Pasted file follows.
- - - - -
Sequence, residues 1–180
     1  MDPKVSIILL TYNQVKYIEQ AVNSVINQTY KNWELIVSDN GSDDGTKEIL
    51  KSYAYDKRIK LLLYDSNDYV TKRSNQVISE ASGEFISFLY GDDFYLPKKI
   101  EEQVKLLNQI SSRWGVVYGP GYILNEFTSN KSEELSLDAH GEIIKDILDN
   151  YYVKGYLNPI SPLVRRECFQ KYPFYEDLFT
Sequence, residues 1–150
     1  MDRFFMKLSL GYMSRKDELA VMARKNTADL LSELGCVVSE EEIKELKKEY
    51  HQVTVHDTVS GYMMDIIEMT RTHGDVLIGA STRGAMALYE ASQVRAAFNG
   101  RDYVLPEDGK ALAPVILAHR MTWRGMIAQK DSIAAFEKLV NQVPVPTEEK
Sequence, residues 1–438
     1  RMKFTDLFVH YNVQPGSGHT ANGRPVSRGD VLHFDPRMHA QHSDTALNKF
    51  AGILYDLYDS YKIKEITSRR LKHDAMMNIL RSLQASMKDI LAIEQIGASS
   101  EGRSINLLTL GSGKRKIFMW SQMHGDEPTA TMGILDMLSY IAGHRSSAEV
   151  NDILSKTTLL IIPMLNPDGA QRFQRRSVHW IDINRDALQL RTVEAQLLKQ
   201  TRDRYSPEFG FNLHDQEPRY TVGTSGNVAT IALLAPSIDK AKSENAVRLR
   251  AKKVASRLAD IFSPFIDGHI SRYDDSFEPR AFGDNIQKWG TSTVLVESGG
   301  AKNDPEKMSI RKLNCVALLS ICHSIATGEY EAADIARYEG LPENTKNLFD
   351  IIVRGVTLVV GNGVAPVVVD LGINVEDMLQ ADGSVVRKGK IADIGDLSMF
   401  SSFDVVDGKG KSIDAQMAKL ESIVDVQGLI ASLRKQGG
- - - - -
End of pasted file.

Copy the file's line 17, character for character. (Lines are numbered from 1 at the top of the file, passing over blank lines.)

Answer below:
   301  AKNDPEKMSI RKLNCVALLS ICHSIATGEY EAADIARYEG LPENTKNLFD